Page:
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  • Simon Blackburn

Hired a strategy consultant? Here's how to get results from them

"Mckinsey will lend your watch to tell you the time". That's one of the first Consulting sayings I learnt when embarking on my Consulting career in 2013. Perhaps it wasn't fair for the client to single out Mckinsey in this rhetoric, but the sentiment is something I've heard many times since (thankfully not about me!). Sometimes it feels like there's an invisible barrier between the career consultant and the career industry worker, despite both working towards the same outcome - a successful project.

Close collaboration between consultants and the buyers of consulting projects is crucial. Failure to achieve this may result in:

  • The outputs fitting the consultants interpretation of the project, but not the buyers.

  • The outputs not being implemented, as internal teams do not know, understand, or believe in the project

  • The outputs aren't feasible due to resource constraints (particularly people resources) that haven't been considered

  • Key people in the organisation haven't been brought on the journey, leading to lost time in bringing them on board

I've been fortunate enough to work in industry roles, as a career consultant, as a freelancer, and a buyer of consulting work. Below I'll share some key takeouts of how to get the best out of a consulting engagement, and avoid it becoming another expensive powerpoint presentation.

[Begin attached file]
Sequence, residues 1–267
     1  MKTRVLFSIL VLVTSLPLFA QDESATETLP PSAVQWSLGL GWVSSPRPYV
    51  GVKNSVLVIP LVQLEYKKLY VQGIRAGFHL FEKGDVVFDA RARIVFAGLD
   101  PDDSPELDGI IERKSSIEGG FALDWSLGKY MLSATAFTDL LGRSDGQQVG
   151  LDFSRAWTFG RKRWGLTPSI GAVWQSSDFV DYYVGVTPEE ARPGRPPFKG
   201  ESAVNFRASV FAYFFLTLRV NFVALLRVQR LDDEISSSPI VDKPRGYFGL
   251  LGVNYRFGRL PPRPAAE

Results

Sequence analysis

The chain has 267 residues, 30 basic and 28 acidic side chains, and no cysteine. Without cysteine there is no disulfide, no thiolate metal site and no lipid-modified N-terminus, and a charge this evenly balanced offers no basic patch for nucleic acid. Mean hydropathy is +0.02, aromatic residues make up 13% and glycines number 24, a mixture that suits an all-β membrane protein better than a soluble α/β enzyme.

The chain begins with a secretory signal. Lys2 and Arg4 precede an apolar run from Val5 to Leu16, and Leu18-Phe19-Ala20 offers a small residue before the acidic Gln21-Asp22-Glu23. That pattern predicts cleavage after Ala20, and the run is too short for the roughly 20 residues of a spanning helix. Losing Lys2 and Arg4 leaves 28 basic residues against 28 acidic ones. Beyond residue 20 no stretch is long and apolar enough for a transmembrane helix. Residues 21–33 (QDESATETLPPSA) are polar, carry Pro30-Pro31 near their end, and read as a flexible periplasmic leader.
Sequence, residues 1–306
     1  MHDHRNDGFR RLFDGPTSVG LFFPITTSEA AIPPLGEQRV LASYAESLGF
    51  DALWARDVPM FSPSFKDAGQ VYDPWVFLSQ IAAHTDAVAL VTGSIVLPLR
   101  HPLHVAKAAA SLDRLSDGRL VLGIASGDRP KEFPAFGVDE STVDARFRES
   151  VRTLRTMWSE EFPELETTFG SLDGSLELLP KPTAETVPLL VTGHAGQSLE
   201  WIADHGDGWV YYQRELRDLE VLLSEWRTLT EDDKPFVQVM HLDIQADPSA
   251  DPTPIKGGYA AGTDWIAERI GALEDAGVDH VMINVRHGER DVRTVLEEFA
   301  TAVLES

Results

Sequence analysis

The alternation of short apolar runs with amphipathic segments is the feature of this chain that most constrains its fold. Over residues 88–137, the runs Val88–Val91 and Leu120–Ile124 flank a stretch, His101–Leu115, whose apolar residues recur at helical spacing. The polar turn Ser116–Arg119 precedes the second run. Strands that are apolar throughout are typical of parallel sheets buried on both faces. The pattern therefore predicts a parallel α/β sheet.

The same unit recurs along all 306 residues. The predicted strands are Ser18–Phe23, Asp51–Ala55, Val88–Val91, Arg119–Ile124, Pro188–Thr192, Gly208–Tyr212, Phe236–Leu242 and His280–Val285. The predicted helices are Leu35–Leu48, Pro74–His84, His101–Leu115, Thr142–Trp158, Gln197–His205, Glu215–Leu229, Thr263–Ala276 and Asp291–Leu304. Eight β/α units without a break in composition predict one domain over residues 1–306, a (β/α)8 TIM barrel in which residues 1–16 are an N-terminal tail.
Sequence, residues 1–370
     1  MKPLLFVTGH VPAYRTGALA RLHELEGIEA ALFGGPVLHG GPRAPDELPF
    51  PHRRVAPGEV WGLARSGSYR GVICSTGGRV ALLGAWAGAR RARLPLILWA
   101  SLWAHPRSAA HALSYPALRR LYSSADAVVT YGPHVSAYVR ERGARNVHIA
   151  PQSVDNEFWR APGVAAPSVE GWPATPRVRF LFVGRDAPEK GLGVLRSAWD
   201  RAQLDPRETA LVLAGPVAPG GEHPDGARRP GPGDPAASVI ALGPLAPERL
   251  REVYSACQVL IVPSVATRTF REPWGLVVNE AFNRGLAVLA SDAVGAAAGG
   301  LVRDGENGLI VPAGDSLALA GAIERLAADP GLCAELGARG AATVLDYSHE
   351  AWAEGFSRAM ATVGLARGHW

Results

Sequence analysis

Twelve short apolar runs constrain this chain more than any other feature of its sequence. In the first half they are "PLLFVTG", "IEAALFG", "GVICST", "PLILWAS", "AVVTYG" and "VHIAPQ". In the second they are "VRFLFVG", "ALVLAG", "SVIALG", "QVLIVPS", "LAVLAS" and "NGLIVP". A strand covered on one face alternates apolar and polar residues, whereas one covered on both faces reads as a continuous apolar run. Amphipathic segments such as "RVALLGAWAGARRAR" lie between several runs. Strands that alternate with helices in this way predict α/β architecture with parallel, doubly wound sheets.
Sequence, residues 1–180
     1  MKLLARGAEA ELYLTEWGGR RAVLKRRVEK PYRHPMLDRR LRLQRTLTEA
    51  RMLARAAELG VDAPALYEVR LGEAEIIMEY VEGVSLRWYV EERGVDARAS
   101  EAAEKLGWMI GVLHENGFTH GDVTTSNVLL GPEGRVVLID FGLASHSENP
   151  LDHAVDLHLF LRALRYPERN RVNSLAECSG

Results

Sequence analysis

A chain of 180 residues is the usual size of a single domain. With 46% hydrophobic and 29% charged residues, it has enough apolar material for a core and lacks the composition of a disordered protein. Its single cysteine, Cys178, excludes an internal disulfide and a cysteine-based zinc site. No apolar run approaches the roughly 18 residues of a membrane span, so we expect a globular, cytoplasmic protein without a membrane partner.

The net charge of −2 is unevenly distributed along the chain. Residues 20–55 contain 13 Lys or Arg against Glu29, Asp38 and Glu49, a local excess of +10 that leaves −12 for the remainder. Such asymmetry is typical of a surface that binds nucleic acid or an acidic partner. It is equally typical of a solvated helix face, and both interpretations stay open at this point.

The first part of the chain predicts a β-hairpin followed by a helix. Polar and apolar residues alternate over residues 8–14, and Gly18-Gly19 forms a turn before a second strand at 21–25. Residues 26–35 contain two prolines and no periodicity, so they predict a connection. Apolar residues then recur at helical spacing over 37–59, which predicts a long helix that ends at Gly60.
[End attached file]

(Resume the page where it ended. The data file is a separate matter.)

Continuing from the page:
But first let's clarify what I mean by "getting the best out of a consulting engagement". For the buyer of consulting work I think this means delivering a project that actually leads to tangible results that far outweigh the cost of the engagement. For the consultant I think this (should!) mean adding real value to the client. I'm going to ignore value add to the consultancy under the assumption that any consultant reading this will agree this should always be synonymous with their clients success!

1. Align on clear and tangible outputs, and how the might be used

This applies both to the buyer and the consultant. You should be so aligned with each other that you finish each others sentences! It simply isn't enough to agree on broad concepts and a few bullet points for outputs. Have you provided examples? Are you clear how the outputs will be utilised, and by whom in the organisation? Do you know what the pitfalls of the output might be?